There has been a spate of horror remakes in recent years, adding more realistic gore and pointless backstories to films like Nightmare on Elm Street and Halloween. And there have been even more low-budget gore flicks pouring into VOD distributors. They leave my poor heart wanting more.
Thankfully, writer-director David Robert Mitchell has come to my rescue with an atmospheric and thoughtful horror film, It Follows. Director David Robert Mitchell pays homage to the horror greats. Maika Monroe, as Jay, tries to outrun and outwit her supernatural foe, alongside her Scoobies, Keir Gilchrist as Paul, Olivia Luccardi as Yara, Lili Sepe as Kelly, Jake Weary as Jeff, and Daniel Zovatto as Greg, the resident greasy hunk. Float away with me to a land of fear and beauty as I review It Follows (2014)!
- Where does this film take us? It Follows exists in a dreamy, nostalgic time-space. The colours are muted pastel, the score is reminiscent of 70s/80s horror music, there are black and white movies playing on an old TV, but there is also a futuristic e-reader and a lack of slang. It is not past, present, or future. It is timeless.
- How did this film make us feel? The film has many wide shots with long takes, the audience is constantly monitoring the image, looking for the being that haunts the characters. You are never at ease. There are very few cheap scares. By relying on sustained tension, moments of panic and violence are granted even more emotional force. I alternated between feeling tension, fear, and joy. When I left the theatre I was emotionally rattled, and continued to look around myself, through windows, past lights, as I had done while I watched the film. The cinematography was extremely effective.
- What issues does this film tackle? One of the more obvious themes that It Follows tackles is that of sexually transmitted disease. The deadly curse that haunts Jay is passed on after penetrative sex is completed for the man. No homosexual or non-penetrative sex is depicted, so this might be a specifically hetero affliction. The curse plagues the most recent person to have sex with the previously cursed person. I have heard it remarked by some that it can also be interpreted as PTSD from rape or sexual abuse. An unnamed, unseen thing haunting you, something incomprehensible to your loved ones, something that isolates you, that penetrates your every thought, and makes every space you inhabit unsafe. Others interpret it as the threat of adulthood, or mortality. The film’s young adults are hanging out at the end of summer, clinging to one another and their childhood pastimes of floating in pools and sleepovers. Parents are obscured or appear as violent apparitions, we are firmly in a world of youth and vulnerability. But, the threat of adulthood is forever looming, forever threatening to tear the kids apart, and all they can do is run and cling to one another. Adulthood slowly creeps up on everyone, no matter how fast you run, how far you drive, or how many people you sleep with.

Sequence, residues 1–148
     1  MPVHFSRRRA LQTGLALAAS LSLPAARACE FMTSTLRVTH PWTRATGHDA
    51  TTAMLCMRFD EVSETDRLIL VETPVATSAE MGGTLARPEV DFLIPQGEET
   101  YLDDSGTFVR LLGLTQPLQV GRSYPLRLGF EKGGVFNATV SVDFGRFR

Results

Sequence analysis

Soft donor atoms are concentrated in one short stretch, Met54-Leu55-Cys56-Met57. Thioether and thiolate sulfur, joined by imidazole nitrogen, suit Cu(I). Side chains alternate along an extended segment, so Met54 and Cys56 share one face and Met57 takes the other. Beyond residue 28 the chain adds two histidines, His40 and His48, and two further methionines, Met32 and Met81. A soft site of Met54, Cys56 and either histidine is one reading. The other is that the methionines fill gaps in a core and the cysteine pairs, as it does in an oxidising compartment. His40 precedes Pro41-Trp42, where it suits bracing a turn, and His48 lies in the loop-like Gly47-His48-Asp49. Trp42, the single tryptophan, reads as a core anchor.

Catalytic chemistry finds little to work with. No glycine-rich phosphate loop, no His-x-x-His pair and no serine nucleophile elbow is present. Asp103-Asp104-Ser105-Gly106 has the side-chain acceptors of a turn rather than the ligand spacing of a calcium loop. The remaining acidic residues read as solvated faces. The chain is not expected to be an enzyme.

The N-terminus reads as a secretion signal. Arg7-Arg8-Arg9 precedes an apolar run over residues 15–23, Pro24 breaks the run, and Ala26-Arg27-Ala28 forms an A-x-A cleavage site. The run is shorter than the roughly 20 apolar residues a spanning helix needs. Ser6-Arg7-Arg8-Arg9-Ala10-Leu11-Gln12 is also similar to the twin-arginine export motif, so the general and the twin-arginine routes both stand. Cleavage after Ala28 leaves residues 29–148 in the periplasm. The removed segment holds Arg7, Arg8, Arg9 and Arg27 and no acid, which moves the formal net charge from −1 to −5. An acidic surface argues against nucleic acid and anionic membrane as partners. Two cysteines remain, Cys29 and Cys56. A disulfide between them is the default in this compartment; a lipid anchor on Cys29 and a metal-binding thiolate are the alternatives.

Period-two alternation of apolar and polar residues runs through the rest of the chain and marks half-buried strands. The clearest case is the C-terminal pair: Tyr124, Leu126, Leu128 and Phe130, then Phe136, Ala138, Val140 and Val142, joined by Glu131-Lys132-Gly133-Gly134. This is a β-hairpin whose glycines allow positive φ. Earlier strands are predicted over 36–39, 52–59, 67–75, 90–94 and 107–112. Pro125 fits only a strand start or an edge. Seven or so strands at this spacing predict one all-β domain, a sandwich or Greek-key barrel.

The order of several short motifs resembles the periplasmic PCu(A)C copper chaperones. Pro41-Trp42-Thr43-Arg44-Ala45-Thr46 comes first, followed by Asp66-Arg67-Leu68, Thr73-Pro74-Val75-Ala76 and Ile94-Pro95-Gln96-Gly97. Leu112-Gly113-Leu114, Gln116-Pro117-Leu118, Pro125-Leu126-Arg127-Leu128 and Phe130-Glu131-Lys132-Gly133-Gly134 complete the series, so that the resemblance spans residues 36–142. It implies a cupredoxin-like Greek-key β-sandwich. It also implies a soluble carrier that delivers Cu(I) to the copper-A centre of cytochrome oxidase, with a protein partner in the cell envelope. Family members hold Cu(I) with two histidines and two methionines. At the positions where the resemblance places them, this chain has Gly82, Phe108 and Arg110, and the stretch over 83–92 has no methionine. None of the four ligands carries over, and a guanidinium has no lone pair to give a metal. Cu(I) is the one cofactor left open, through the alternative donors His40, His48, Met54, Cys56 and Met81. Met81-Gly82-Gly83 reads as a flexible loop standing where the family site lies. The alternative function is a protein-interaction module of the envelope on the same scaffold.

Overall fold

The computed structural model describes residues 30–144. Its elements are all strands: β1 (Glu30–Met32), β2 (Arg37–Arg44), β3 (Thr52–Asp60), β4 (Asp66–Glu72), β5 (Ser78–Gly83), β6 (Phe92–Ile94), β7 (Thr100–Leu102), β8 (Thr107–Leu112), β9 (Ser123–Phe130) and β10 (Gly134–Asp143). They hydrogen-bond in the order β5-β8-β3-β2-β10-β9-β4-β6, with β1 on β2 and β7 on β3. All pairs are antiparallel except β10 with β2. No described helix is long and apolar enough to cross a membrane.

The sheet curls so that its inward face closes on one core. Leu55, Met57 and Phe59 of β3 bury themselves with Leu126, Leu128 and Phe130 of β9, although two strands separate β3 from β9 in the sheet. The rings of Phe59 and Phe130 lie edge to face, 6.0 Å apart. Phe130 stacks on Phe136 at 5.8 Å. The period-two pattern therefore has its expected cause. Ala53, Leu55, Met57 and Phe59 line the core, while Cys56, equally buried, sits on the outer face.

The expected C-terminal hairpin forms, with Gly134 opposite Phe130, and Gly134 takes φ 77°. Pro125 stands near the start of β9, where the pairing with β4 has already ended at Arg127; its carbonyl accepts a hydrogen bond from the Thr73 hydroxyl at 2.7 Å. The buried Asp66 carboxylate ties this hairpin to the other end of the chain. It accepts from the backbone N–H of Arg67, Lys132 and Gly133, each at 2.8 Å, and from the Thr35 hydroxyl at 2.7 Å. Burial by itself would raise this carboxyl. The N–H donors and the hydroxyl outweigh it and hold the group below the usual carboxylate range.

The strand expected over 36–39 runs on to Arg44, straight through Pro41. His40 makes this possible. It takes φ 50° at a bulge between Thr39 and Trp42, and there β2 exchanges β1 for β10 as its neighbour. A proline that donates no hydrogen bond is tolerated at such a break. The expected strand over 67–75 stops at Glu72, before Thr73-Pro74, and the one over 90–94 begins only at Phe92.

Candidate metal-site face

- Was it fun? Oh man, this film was so fun. It is beautiful, well-paced, and is reminiscent of some of my favourite horror films including Cat People (1942), Halloween (1978), with a little bit of a Buffy (1997) or Scooby Doo (1969) mixed in for good measure. The nostalgia is not only in the production design and sound design, it’s in every element. I get the warm and fuzzies from the Cat People influenced pool confrontation as much as I get it from thinking about lazy summer days.
- Was it transformative? The film was not transformative, it did not change my worldview, but it does make me hopeful that a more thoughtful indie horror trend will emerge. Enough hack ‘em, slash ‘ems! Keep me guessing! Keep me fearful!
It Follows is a horror pleasure and I really recommend it. Pair it with The Shining (1980) to maintain that atmosphere and suspense.